Mountain*7 - for the person with nothing better to do
'The pedestrian bridge that spanned the motorway' (image by Simon Sellars)
Simon Sellars over at the ever fabulous Ballardian has posted a brilliant piece on Shepperton, the Surrey suburb that has been Ballard's home for the best part of 50 years. In it Sellars takes a walk through the area and, as he puts it, takes 'photographs of the arena that has supplied so much raw material for Ballard’s writing.' And as such, it's a piece that charts the incongruity that sits at the heart of this statement, that comes to terms with the shock of just how ordinary and banal Shepperton is. In truth, and this is the same with any writer's sacred geography, the 'arena' of Shepperton is a mythic one, not only in terms of Ballard's recreation of it and adumbrations within it - evident in Simon's totemic guidebook, The Unlimited Dream Company - but also in the magical creative gap between a personal lifetime's reading and meditation, and the dulled bricks of the real. Sellars is obviously well aware that this incongruity must exist but it's still fascinating to watch him drift through the landscape and remap this mental space as he goes, seeking out the lush meadows around the River Ash, the frozen scream of the M3 and of course the squatting reliquary of memories that is the Shepperton Studios. I wonder if he found the psychic hub of the place not in the studios themselves but in the edgelands around them - in the discarded sets that fan out into the wasteland around the tributaries of the Ash and in the housing estate that butts up against the fencing around the hulking warehouses of the outer lots where the artificial dreams of one world and the collective dreamlife of another bleed together, coalescing into some viscous churning emanation... Bring on part 2.
I’ve been meaning to put together a few thoughts on the deluge of free newspapers that flood a London commute, but K-punk’s musings on the (paper)waste land of London Bridge convinced me that it has already been done in ways that I could never surpass:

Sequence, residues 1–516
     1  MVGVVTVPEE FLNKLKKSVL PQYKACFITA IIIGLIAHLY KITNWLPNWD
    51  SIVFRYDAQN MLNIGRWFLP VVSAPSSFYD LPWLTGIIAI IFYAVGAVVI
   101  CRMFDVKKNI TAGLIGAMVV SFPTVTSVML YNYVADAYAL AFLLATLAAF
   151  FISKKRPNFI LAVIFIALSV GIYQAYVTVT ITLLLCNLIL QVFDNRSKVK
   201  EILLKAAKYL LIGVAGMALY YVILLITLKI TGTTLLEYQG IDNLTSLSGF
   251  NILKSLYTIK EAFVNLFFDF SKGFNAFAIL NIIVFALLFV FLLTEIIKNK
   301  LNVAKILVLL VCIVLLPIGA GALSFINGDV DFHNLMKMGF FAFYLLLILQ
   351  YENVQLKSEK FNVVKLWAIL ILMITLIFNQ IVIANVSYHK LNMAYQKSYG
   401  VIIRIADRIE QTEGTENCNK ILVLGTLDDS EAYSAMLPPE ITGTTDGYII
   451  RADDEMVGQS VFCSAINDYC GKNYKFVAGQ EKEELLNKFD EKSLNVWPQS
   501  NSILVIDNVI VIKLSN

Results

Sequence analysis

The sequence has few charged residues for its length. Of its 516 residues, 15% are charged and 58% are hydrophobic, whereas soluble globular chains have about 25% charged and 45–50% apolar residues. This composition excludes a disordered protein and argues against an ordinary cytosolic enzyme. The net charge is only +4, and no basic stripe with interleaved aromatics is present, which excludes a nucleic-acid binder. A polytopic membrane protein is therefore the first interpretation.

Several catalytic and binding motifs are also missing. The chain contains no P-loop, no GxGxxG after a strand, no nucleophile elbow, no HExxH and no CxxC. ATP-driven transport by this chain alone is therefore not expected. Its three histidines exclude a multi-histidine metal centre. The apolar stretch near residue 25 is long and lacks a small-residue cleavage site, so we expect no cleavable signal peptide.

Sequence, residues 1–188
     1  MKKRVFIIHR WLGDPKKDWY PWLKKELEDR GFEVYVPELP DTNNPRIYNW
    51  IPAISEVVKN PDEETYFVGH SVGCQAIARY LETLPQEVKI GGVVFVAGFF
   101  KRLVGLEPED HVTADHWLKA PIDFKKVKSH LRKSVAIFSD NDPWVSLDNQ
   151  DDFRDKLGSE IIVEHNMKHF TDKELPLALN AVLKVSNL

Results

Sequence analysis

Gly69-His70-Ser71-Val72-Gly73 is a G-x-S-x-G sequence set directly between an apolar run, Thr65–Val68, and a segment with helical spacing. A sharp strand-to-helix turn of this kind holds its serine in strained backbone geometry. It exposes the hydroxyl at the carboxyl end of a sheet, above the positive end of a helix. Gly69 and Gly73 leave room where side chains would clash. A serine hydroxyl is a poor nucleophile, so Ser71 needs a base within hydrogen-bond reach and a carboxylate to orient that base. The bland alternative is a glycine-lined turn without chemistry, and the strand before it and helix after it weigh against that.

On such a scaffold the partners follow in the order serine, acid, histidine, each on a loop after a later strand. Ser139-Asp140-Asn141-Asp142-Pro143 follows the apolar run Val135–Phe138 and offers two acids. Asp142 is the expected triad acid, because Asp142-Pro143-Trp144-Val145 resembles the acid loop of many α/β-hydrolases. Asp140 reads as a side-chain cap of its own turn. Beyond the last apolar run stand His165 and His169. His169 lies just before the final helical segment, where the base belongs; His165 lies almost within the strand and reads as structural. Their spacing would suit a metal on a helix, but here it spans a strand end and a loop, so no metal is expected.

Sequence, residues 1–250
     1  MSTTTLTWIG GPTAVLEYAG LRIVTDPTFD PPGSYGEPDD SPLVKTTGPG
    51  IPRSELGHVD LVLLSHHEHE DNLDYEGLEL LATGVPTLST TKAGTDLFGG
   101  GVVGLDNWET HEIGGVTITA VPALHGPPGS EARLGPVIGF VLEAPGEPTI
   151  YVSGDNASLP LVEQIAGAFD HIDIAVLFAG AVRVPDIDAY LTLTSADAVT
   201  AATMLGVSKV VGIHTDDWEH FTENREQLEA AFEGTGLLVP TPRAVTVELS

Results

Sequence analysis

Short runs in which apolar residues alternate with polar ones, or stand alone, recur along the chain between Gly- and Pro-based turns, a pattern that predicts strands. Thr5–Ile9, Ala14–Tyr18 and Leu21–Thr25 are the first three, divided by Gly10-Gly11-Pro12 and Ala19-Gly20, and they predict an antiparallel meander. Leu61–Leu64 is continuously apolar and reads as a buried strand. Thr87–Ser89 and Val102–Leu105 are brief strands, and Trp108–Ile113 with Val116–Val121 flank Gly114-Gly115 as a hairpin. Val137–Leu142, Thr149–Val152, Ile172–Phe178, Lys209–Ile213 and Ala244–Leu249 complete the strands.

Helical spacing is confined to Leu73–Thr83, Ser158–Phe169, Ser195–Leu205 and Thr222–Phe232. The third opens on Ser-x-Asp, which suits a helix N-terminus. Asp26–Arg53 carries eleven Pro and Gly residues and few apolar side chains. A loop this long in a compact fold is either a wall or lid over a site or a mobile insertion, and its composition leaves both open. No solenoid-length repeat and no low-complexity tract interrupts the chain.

“Look around the carriage, snapshot of a MySpaced city: diversity without difference, homogeneity without communality - bodies reduced to claustrophobic zombie meat fighting for space, background hum of mutual hostility simmering, yet everyone is reading the same thing...”
His talent was as natural as the pattern that was made by the dust on a butterfly's wings. At one time he understood it no more than the butterfly did and he did not know when it was brushed or marred. Later he became conscious of his damaged wings and of their construction and he learned to think and could not fly anymore because the love of flight was gone and he could only remember when it had been effortless
Hemingway, speaking of F. Scott Fitzgerald in A Moveable Feast
So said Matty, rapper from the Credit To The Nation to a sun soaked crowd at the NME stage, Glastonbury 1994. I know he said this as I was there, & his set was a highlight of mine from my first Glastonbury festival. I may have enjoyed Cypress Hill that year too. Or was it 1995? I recall spilling cider everywhere whilst moving to the bass lines of Adam F. And I would have darted between the sets of Orbital & Elvis Costello as I couldn’t make up my mind which to see. The memories of those Glastonbury Festivals in the mid 90’s will remain with me forever, all gloriously blurred & rolled into one.
The attraction of the festival was the diversity in the performing artists. And I’m glad it still is. So why is so much fuss being made over Jay-Z performing? Why has this caused so much vitriol amongst so many of the kids. And Noel Gallagher? Glastonbury is for guitars he says. No it isn’t Noel.
This whole furore has stemmed from the inability to sell all their tickets straight away. This has been correlated with the booking of a hip-hop act as one of the headline acts. Almost certainly this is a very lazy & incorrect correlation. But what has bothered me is the backlash from the likes of Gallagher & certain comments I have read in the media & web. Some of it is almost sinister. I would not want to be part of a festival in which many of its participants were so abhorred by the thought of a hip-hop act headlining.
I think the Glastonbury organisers should be commended for booking Jay-Z. And if the festival is to retain its significant cultural status it has attained, musical plurality is a must. I didn’t listen to much hip-hop when I was 18 years old attending my first Glastonbury. And I certainly hadn’t seen any live. Seeing Credit To The Nation changed that, and I’m grateful.
Chernobyl, Pluto's Realm
Photographs of the landscape around Chernobyl.
My favourite are roads that haven't been ridden for years. Sometimes, I leave a log on the road to see if someone else will travel here. When I return in a year or two, seeing my log has not been moved suggests that I still have no followers
Also: two more series' of photographs on the same subject: 1986-2006, and nuclear nightmares by Robert Knoth and Antoinette de Jong